CoachCox

Recognising Real Recovery

Problems with training are easy to spot, you miss sessions or performance isn’t what you expect. Athletes are great at recognising when training isn’t where they think it should be. I’ve invested enough mental energy into the short comings of my workouts lately. What’s often overlooked is the impact the rest of our life has and how we’re recovering. Chances are poor performance or motivation stems from other factors not the content of the sessions.

Discussions on recovery often focus on how quickly after a workout you should eat, what to consume or how much compression gear should be worn. Quick and easy solutions that will have us training again in no time. There’s so much emphasis on recovery drinks, protein shakes and gimmicks to get ourselves back into shape. I’m not disputing their abilities these things may help, but we’ve all read how chocolate milk is as good as a recovery shake. Most of us can gain all the recovery benefits we need from real foods, the first thing I grab after a workout is fruit.

It’s taken more work than expected to rebuild my training routine. Only in the last fortnight have I recognised the role inadequate recovery played. Not only was I out of the habit of training, but also the habit of recovering. I’d built a program for the training I’d do, but not made plans or allowances for the rest required. Instead I’d perform the relatively light training load then still stay up late into the night. Going to bed with sore eyes is a sure sign of mental and physical fatigue, I shouldn’t have been surprised that I didn’t feel up to training the following day.

You can eat the exact amount of carbs and protein needed after a session, pull on compression socks and ensure your diet is sound, but without adequate sleep it’s a losing battle. Recovery has to be considered as a whole, before worrying about specifics you need to have an overall strategy. Product X may speed up recovery, but it’s a detail to consider once everything is in place. How well you can fit recovery into your life will affect how well you can train.

Inadequate sleep was clearly my biggest issue. I’ve never been a heavy sleeper, somehow as a student I lived on little more than five hours (I didn’t train then), as an athlete I suffer on anything less than seven. Cold, dark mornings make it harder to get up, but so does going to bed six hours before your alarm goes off. Few sessions should take longer than a day to recover from, but I’d wake still fatigued then add a little more. The solution was simple, go to bed earlier, if I want to train I need to sleep.

Diet was less significant, I’d already taken steps to eliminate empty calories before returning to structured training. I don’t often use energy bars or recovery drinks relying on whole foods and ensuring a good proportion of fruit and vegetables daily. I let myself down managing the quantities around training, tending to eat too much on some easier days and not quite enough on bigger days. I want a net loss of weight, but not at the expense of energy levels in the day. Overall I’d say I allowed myself to become too catabolic at a point when the body was readapting to training.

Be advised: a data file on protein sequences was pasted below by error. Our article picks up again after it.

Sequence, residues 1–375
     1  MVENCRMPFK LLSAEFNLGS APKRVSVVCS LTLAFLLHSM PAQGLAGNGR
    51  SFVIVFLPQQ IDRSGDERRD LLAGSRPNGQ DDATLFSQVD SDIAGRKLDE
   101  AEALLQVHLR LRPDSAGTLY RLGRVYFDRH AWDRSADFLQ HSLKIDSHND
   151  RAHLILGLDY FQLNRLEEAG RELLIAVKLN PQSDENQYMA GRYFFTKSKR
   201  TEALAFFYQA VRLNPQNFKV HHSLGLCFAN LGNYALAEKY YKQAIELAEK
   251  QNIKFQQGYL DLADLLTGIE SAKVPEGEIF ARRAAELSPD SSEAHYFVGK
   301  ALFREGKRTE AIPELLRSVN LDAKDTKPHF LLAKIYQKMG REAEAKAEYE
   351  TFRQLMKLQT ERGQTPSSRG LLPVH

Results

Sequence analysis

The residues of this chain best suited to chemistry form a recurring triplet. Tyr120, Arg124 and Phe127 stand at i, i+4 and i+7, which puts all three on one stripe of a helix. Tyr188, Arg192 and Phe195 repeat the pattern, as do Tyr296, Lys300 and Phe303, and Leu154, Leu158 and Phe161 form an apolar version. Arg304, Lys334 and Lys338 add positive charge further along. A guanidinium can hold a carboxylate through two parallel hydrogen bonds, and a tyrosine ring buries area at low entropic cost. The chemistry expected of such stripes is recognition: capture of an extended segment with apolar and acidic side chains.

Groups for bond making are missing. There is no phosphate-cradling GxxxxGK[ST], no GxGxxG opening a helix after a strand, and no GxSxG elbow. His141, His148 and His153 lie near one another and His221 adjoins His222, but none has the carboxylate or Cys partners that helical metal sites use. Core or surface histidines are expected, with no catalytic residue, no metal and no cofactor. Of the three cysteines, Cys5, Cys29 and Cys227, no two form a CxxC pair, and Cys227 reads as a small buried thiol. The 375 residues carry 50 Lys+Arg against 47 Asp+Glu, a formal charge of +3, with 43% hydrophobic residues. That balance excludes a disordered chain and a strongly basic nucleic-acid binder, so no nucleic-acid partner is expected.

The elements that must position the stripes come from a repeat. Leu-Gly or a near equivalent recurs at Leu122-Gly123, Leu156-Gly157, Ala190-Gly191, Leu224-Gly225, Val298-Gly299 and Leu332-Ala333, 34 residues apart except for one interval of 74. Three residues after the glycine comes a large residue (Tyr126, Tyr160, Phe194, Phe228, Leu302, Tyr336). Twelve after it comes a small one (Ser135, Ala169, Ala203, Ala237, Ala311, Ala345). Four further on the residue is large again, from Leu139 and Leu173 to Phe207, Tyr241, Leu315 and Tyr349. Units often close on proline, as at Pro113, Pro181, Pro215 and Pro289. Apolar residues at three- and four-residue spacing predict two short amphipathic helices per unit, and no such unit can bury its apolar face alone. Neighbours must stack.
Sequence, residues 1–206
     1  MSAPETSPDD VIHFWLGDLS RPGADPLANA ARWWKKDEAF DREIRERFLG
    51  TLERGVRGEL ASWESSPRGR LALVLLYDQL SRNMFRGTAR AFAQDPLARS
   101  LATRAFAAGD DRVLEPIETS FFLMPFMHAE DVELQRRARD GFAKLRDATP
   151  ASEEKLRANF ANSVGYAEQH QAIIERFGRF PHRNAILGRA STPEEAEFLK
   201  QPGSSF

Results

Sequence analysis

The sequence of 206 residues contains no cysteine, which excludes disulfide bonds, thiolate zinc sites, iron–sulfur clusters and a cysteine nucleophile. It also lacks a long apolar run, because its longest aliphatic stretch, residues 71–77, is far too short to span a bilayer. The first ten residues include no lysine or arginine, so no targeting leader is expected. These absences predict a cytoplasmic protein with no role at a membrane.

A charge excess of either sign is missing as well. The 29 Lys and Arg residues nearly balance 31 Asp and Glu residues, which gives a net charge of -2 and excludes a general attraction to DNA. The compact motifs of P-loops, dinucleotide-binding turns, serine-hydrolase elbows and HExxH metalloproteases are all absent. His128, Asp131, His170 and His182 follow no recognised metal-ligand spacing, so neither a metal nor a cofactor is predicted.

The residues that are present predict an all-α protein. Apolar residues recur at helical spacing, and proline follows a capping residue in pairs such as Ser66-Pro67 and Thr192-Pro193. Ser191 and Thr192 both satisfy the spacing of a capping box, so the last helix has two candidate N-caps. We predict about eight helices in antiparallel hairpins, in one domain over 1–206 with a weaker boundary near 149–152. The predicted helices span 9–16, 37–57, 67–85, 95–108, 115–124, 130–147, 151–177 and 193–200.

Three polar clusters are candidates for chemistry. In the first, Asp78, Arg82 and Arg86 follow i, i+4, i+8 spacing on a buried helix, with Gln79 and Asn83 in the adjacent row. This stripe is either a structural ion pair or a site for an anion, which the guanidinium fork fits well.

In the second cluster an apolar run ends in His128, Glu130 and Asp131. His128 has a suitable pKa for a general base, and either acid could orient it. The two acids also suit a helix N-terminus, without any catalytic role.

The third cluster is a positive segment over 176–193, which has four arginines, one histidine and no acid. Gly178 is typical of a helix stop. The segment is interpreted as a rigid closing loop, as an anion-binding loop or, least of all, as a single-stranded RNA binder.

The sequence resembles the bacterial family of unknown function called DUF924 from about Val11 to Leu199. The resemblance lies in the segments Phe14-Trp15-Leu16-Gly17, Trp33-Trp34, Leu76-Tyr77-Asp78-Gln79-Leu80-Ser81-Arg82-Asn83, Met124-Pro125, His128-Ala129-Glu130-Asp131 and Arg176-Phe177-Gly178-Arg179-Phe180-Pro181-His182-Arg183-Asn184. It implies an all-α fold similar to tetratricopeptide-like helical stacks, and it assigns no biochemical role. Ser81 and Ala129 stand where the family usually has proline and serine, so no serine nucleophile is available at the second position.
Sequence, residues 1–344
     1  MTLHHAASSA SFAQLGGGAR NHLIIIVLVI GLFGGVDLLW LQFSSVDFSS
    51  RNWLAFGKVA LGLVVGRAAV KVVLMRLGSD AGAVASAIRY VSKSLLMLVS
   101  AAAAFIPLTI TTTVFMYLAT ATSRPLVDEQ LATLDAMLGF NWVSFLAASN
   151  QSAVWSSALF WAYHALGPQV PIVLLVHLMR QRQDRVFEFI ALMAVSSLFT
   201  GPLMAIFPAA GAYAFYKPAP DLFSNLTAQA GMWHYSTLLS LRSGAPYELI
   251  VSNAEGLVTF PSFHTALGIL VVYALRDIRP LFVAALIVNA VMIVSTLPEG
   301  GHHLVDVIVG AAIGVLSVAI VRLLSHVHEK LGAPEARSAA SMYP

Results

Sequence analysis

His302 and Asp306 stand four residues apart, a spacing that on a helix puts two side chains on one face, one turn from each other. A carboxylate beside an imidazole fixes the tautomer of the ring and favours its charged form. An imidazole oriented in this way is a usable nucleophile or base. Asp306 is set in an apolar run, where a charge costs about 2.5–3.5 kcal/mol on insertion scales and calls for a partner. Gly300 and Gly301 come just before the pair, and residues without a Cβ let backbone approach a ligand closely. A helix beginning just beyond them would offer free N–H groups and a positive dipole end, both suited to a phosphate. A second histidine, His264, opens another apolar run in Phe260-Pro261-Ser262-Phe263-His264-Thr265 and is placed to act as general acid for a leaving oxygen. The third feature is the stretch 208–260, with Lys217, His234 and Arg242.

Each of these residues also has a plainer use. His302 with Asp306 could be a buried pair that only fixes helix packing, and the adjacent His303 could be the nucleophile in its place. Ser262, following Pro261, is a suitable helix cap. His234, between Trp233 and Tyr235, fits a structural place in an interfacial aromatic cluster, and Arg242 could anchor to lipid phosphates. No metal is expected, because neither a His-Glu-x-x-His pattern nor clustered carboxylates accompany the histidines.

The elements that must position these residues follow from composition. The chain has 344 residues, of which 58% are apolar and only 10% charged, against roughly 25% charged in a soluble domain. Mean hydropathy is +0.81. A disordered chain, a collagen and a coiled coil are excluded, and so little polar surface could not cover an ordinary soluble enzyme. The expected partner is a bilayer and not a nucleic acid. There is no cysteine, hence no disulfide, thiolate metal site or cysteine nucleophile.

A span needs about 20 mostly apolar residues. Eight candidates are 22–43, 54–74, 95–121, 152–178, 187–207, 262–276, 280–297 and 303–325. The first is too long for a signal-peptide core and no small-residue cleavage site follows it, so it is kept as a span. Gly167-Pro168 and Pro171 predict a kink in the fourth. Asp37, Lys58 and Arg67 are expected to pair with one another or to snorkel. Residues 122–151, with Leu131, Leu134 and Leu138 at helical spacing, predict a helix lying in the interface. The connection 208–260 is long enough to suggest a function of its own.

Injury management has been of particular concern to me. I’m over the worst of the calf issue that plagued the last season, but have to be cautious. Despite appreciating this need for care at times I was reckless, the remnants of my problem leave little margin for error and daily running requires management of intensity. I ran too fast on occasion and opted to run in icy conditions, normally both would be fine, in the circumstances the subsequent impact on running was hard. I’ve spent the last week exclusively using treadmills to control pace and give me a comfortable, springy platform. Boring, but enabling me to build the consistency I want to achieve.

The positive side of this is it brought home the importance of maintenance work outside the training. Massage and the use of a Trigger Point roller have become a routine part of my schedule, both make heavy contributions to keeping me running. I’m aware there’s inconclusive evidence of benefits from stretching or massage, but these treatments make my legs feel better. Perhaps they’ve done nothing to prevent injury, but I’d not have had the confidence for twenty-five days of running without them.

It took a while to recognise my shortcomings, a long while in some cases, but I’m training smarter. I’m not adjusting the details of my sessions, but sensibly using the time between them to ensure I recover well. This is so often overlooked in our plans simply because it doesn’t get logged, the fact is success depends on it. We focus on what we can do in training and not enough on what can be done between training.

Ironman Training Library

From nutrition to pacing - a collection of CoachCox blog posts focused specifically on Ironman training and racing.

Comments

  • Oli Dammone

    Interesting stuff. I have a question, do you think you can have too much sleep? (I’m a student and have plenty of time to train and sleep, thus I often sleep for 9-10hrs)
    Cheers,
    Oli

  • Oli

    Ten hours is fine if you can manage it. I find the longer I sleep the better the recovery. You only need to worry if you’re sleeping so much it interferes with your life, but that’s the territory of real disorders. I’d make the most of having the time to sleep and train as much as you want. Chances are it won’t be so easy when you’ve finished studying.